After grad school, I had an interview with one of the founders of a top tech company for a design research position. I was really nervous and excited about the interview. But when I walked into the office, I noticed the grey carpets and neon lights and felt a rock in my stomach.
My intuition was flagging me: no, no, no. But another side of me was saying: "Majo, this opportunity is AMAZING." You'll be able to tell your family, "I work for such and such" and you'll be able to write it on your Twitter bio "design researcher @swankystartup."
The interview went ok. Definitely not great. After the interview, I fell into a mini 2-day depression. At first I thought it was fear as I knew I wasn't going to get the position. I was afraid of the impending rejection. And I didn't feel the energy or motivation to fight for it.
But as I listened deeper and through the fear, there was another voice from the universe: "Majo, you're too free-spirited... carve your own path."
That freedom also felt very complicated and I felt a lot of resistance to it at first (that's why I started interviewing at companies after grad school). My thoughts:
- How am I going to support myself?
- What would I tell my family?
- What on Earth would I write in my Twitter bio (sounds pathetic, I know)?
- It seems like way too much work to launch my own business; I don't want to sacrifice my healthy lifestyle
All these voices were the voices of my inner critic by the way who hoped I would avoid the risk of what I was about to do.
If you're an independently minded woman like me, it can be hard to ask others for help when you transition into what you truly want to do. Often we feel like we don't deserve it, it's too much to ask or we hate the idea of depending on others for our progress.
If you have high-achieving or perfectionist tendencies, swallowing your pride to ask for financial support as you follow your calling can feel like crap.
But the most important key to transitioning into your most meaningful work is managing the negative emotions around asking for support.
Because if this is your dream and you believe in the work you want to do, feelings of pride, guilt, and shame must not get in your way.
When transitioning out of a full-time job or school and into carving your own path, here are 3 "safety nets" or "anchors" that can support you as you leap.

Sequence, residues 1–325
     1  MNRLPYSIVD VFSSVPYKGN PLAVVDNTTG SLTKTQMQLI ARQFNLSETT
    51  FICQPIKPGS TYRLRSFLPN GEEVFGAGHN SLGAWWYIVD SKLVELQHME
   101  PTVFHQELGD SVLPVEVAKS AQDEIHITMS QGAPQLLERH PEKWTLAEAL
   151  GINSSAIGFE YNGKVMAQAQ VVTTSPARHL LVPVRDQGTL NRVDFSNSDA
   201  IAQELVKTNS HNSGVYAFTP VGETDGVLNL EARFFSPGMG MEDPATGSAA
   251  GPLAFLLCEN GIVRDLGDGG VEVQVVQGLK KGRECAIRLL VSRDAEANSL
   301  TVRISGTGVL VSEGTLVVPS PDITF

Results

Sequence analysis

*Important note: This post assumes you have little to no savings or runway from a former job to help bridge you over. If you do, congrats! You may still want to consider the possibilities below for supplemental support if needed.
1. A part-time "bridge job"
What's a bridge job? A bridge job is a part-time employment that doesn't take up brain cycles and has a predictable schedule. The tiny problem with them is that they can often feel like you're regressing. It's the job at Starbucks, the local spa or bookstore.
It isn't great, but it pays the bills! That's the key. It's the job on the side that supports you as you do what you really want to do. If you don't have a partner, family, or savings to support you, a bridge job may be the best investment you make into your new path. Here are a few requirements of a good bridge job:
- It does not take up brain cycles
- It is part-time
- It has a regular rhythm and set schedule
- It is relaxed, low pressure, and even boring
2. A romantic partner
I know, how 1950s right? The feminist in you cringes. You think of all the generations of women who suffered so that you could play with the big "boys," not depend on them all over again.
Turn down all the feminist narratives running through your mind, and listen to the calling of your dream.
Remember that this support isn't necessarily forever. Make a commitment to yourself to utilize the support from your partner as a way for you to become economically viable.
Don't question the blessing and be grateful!
I can hear the moans from here. But you've depended on your parents for so long and you're ready to take flight and "unburden them" so to speak.
I have friends and clients out of undergrad and grad school who are more than capable of becoming entrepreneurial changemakers TODAY I know it with every bone in my body. But, they have to move in with their parents for a period of time and they can't stand the idea of it being for too long. Instead of taking the time to start their business while they live with their parents, they're looking for any way out of the house.
I highly encourage you to reframe the move in as another opportunity to springboard into your business. Often when you communicate to parents openly about your direction and are specific about how they can support you, they agree.
What do you need to manage? Your sadness of their "disappointment" that you're not working for McKinsey. But they'll come around.
The problem is keeping them in the dark or making them feel like you are completely lost (even if that's true, present some game plan to them to quell their little worried hearts).
In the end, the key is to swallow your pride and feelings of "shame" about moving back in (especially if you are a child of immigrants) because again from an objective viewpoint, it's quite the blessing and advantage.
Conclusion: swallow that pride
All in all, these safety nets may make you feel like you are regressing, either back to high school or to your grandmother's epoch...but you will get through it and it won't last forever.
Swallow your pride and go for it.
The people you will serve one day will be so grateful that you managed your negative feelings around "not being good enough" or "having failed" by society's standards to follow your heart.
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Photo by Jaclyn Le